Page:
strong since I started working with him in 94. I took some time
off from Psycho Scream, basically because we had no drummer and
my life took a wrong turn into the corporate world in order to
keep a roof over my head ( that's not totally true, because I
was enjoying the accomplishments too) . I had also been working
my ass off in a recording studio for obvious reasons. That's where
I met Bowman. I sang on his demo as a session vocalist. Then I
was producing his band for him. They stiffed me for a studio bill
that I covered their asses for, at a time I really needed it,
and it led to me losing my apartment. They still haven't even
offered to pay me back.
Psycho Scream we've been able to pick-up where we left off, and
I consider Jim one of the best friends I've ever had in my life.
You know you have a friend when you can be totally honest with
them and vice versa, and you can respect each others differences
and still work together as a team. We've had our growing pains
as bandmates and co-producers, but we've made it though the hardest
part, and I hope we continue to work like we do for a long time.
Jim has hooked me up with engineering gigs, and session work and
a teaching job, and a thousand times more than I could ever ask
for. He really has looked out for me, and he's pushed me to my
full potential as a singer and I appreciate it. Brian Mihalovich
is a great guy too. I love his playing, especially when he plays
his music man, it has great tone, and you can hear his fingers
through the massive distortion. Very metal. Now all we need is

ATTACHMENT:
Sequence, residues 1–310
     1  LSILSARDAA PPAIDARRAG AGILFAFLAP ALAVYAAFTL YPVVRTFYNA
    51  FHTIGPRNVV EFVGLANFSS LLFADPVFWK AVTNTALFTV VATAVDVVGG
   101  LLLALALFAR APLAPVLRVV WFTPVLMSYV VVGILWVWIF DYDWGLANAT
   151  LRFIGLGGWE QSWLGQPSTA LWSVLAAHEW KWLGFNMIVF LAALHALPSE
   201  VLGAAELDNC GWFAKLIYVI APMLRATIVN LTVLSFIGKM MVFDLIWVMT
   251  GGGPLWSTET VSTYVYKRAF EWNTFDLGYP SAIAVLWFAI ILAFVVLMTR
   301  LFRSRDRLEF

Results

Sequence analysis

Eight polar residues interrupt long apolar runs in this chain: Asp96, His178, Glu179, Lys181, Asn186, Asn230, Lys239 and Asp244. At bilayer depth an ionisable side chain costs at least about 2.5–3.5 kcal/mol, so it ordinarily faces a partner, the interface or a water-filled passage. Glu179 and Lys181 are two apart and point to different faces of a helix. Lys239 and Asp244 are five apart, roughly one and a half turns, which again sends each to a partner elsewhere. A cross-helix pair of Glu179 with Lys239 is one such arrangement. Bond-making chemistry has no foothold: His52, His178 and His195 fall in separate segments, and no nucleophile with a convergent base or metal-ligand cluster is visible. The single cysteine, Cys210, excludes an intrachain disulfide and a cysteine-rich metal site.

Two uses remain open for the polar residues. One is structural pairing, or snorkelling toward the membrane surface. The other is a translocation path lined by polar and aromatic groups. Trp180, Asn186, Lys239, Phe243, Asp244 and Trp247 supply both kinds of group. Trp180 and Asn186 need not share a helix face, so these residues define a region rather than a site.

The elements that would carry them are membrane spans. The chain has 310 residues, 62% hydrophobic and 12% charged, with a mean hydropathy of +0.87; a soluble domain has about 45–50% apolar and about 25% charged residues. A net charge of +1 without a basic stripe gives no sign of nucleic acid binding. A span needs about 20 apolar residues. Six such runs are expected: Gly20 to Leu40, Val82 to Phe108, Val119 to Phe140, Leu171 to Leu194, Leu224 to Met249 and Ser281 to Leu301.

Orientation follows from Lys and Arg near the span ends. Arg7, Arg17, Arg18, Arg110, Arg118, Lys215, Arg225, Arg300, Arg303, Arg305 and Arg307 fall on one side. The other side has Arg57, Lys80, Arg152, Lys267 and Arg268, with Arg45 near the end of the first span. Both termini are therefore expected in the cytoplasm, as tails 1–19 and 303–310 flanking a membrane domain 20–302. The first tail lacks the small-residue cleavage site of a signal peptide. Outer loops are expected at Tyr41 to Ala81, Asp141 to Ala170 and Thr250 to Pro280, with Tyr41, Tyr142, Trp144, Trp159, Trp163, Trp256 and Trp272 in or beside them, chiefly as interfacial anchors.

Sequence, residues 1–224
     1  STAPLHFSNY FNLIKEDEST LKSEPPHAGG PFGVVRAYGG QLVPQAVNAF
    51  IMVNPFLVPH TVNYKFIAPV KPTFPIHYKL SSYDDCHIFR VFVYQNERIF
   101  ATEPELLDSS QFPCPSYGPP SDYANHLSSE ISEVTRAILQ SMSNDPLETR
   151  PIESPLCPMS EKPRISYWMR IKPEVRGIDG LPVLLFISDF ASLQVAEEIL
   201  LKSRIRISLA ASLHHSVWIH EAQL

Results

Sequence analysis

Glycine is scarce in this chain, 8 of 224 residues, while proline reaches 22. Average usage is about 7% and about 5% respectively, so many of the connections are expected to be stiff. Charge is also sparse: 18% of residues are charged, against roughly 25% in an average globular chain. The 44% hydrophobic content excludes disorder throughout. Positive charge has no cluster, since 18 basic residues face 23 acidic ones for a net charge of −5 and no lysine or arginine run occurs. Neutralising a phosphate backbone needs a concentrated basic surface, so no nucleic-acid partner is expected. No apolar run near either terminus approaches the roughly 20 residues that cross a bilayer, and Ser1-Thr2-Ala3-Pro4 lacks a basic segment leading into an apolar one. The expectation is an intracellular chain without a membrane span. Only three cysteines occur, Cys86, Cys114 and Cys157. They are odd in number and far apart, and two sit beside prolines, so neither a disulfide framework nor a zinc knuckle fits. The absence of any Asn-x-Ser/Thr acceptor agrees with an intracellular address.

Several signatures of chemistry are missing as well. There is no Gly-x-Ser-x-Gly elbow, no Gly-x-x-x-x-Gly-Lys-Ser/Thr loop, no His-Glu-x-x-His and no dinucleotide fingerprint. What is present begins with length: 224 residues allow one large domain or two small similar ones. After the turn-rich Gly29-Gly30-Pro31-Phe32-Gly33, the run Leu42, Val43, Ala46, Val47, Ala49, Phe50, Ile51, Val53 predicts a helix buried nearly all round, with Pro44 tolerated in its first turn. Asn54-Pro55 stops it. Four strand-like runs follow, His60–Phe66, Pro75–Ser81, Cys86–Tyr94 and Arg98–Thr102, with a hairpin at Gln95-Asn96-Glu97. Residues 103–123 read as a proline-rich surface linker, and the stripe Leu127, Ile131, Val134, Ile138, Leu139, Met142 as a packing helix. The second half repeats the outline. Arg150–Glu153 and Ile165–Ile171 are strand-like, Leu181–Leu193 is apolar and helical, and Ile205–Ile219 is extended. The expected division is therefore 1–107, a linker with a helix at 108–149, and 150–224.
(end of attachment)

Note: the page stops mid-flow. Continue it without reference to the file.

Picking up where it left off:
Dave Lombardo (that's who the parts are written for, and why nobody
else has been able to play them) and the band will be able to
tour when the disc is done.
Can you describe Psycho Scream
and compare the similarities and differences between it and Control
bands are unique, and neither are copying anyone elses groove. Psycho
Scream has a more traditional European power metal flavor, but with
a few twists and turns that would suggest it is modern; and Control
Denied is undeniably evolutionary and experimental. Psycho Scream
leans a little more toward the classical side of metal, and Control
Denied when you really take a close look at its innards, has more
jazz orientation, especially considering what Richard and Steve
lend to it; therefore I'd consider it a progressive form of death
metal. The main similarity I guess is my voice.
How is the new Psycho Scream
CD coming? When will it be done and what can I expect? Will it
be easier to find then the last one?
is finishing up his tracks and Jim has a couple solos left, which
should all be complete by the middle of December at the latest.
Then comes the fun part. Mixing probably won't take very long because
we took our time getting the sounds we liked when we tracked. Actually,
we retracked a few times before we were satisfied with it. The toughest
thing to mix will probably be vocals. There's tons of them. There's
another difference between the bands. Psycho Scream is a bit more
vocal oriented. I'd say realistically by the end of January we'll
be shipping it off. We would like to get Virtual Insanity re-released
before them to whet the appetites of new fans, and finally get the